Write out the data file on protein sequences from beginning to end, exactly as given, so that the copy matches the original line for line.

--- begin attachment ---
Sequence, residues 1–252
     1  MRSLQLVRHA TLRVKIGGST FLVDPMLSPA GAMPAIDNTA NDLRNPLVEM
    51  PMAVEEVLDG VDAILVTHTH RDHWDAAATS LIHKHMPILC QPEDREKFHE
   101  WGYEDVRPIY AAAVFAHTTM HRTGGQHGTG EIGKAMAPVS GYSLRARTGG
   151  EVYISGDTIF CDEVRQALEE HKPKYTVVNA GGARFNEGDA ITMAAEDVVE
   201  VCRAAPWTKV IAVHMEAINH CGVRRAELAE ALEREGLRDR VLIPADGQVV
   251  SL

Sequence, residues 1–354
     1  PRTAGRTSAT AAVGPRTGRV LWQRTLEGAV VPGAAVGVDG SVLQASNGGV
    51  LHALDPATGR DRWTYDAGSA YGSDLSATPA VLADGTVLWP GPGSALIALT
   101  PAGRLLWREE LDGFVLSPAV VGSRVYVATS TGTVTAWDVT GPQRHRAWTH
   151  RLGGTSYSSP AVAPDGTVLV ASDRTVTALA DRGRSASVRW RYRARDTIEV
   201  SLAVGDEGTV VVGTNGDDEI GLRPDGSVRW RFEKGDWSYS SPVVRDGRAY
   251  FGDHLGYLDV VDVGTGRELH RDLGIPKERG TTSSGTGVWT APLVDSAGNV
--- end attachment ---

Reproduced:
Sequence, residues 1–252
     1  MRSLQLVRHA TLRVKIGGST FLVDPMLSPA GAMPAIDNTA NDLRNPLVEM
    51  PMAVEEVLDG VDAILVTHTH RDHWDAAATS LIHKHMPILC QPEDREKFHE
   101  WGYEDVRPIY AAAVFAHTTM HRTGGQHGTG EIGKAMAPVS GYSLRARTGG
   151  EVYISGDTIF CDEVRQALEE HKPKYTVVNA GGARFNEGDA ITMAAEDVVE
   201  VCRAAPWTKV IAVHMEAINH CGVRRAELAE ALEREGLRDR VLIPADGQVV
   251  SL

Sequence, residues 1–354
     1  PRTAGRTSAT AAVGPRTGRV LWQRTLEGAV VPGAAVGVDG SVLQASNGGV
    51  LHALDPATGR DRWTYDAGSA YGSDLSATPA VLADGTVLWP GPGSALIALT
   101  PAGRLLWREE LDGFVLSPAV VGSRVYVATS TGTVTAWDVT GPQRHRAWTH
   151  RLGGTSYSSP AVAPDGTVLV ASDRTVTALA DRGRSASVRW RYRARDTIEV
   201  SLAVGDEGTV VVGTNGDDEI GLRPDGSVRW RFEKGDWSYS SPVVRDGRAY
   251  FGDHLGYLDV VDVGTGRELH RDLGIPKERG TTSSGTGVWT APLVDSAGNV